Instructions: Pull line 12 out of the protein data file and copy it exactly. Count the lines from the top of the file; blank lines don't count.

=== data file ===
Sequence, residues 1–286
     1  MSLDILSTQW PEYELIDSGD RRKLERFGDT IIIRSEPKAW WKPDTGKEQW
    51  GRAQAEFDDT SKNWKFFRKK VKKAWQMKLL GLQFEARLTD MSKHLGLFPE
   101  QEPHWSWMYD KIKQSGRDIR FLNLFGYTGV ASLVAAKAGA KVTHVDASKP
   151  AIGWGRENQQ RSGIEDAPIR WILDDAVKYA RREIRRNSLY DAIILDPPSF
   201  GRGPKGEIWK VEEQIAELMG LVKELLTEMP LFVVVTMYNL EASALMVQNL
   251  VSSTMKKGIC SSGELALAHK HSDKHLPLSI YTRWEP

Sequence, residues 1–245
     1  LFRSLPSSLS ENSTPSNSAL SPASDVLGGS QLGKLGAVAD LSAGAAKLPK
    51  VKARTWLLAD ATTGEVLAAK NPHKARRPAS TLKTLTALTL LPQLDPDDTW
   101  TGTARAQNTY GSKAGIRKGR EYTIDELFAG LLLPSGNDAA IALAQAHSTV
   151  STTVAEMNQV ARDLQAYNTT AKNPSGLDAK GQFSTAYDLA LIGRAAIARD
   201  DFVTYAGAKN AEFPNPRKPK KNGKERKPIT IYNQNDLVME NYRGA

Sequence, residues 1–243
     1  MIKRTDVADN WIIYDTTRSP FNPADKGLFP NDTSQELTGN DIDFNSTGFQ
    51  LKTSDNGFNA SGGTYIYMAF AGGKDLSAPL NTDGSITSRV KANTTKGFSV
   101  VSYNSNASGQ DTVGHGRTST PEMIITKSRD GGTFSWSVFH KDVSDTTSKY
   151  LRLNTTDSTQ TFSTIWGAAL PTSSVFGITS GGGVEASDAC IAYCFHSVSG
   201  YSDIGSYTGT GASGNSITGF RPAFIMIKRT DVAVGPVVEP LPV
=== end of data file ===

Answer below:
   151  STTVAEMNQV ARDLQAYNTT AKNPSGLDAK GQFSTAYDLA LIGRAAIARD